We've had our share of snow and wind in the last two weeks, but today is something new. We've lived on Whidbey Island for 6 years now, and are finding that, indeed, we live in a different world.
We are only expecting a 1 foot 'change' in our local waters, but looking out my back window, I see the "highest" tide I've seen for a while. We aren't expecting much in the way of flooding, but just the idea that we are actually here in this geologic event is a little thrilling.
The worst we expect isn't damage to our home, we are out of the tsunami range even in the worst of circumstances - our house is so high off the waters. But our sailboat is moored in Anacrortes and we are concerned not with the height of a wave but with the moments right before the tsunami when the water recedes. If it recedes enough before the wave hits, our sailboat might "run aground" and damage the rudder.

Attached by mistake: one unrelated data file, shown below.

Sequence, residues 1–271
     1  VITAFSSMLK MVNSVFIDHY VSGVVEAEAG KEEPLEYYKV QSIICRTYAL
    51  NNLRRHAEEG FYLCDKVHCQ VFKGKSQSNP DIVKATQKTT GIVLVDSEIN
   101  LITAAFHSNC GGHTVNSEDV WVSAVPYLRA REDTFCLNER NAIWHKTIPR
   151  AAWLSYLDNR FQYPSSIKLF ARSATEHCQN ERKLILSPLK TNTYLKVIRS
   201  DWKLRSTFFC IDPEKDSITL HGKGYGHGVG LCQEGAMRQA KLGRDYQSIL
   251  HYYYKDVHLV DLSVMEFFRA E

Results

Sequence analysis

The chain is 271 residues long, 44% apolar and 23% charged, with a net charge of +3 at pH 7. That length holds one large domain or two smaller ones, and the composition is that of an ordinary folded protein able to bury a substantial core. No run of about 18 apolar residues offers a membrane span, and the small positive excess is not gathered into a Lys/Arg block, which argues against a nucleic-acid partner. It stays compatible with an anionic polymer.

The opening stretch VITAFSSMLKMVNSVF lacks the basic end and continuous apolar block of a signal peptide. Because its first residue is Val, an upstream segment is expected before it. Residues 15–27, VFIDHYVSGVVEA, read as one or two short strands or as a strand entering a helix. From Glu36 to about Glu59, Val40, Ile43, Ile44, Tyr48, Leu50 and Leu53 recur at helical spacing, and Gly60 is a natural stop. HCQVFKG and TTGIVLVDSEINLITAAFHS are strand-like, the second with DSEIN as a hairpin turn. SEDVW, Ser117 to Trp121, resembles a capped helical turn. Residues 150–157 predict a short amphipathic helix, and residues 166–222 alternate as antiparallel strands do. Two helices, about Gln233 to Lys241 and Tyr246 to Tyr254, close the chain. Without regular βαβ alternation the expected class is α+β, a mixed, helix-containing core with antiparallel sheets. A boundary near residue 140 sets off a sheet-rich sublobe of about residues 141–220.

This is a precious minimum. We watch out our window, and in the driving rain and the bursting gusts (yesterday we had 60-mph gusts) we realize we are so blessed. We are safe, everything is tied down, and La Nina, not the tsunami, is our biggest worry.
We are a small world, and we are all interconnected. We have tsunamis to worry about, a word derived from our Japanese culture. We fret over the snows, rains and winds of of La Nina, a word derived from our hispanic brothers and sisters.
An 8.9 earthquake off the coast of Japan has impact on our side of the Pacific rim. I pray for our friends in Japan. I can sit in my living room and watch the "tide" come in and take peace and joy that we are safe.
None of us really lives on an island. We are interconnected.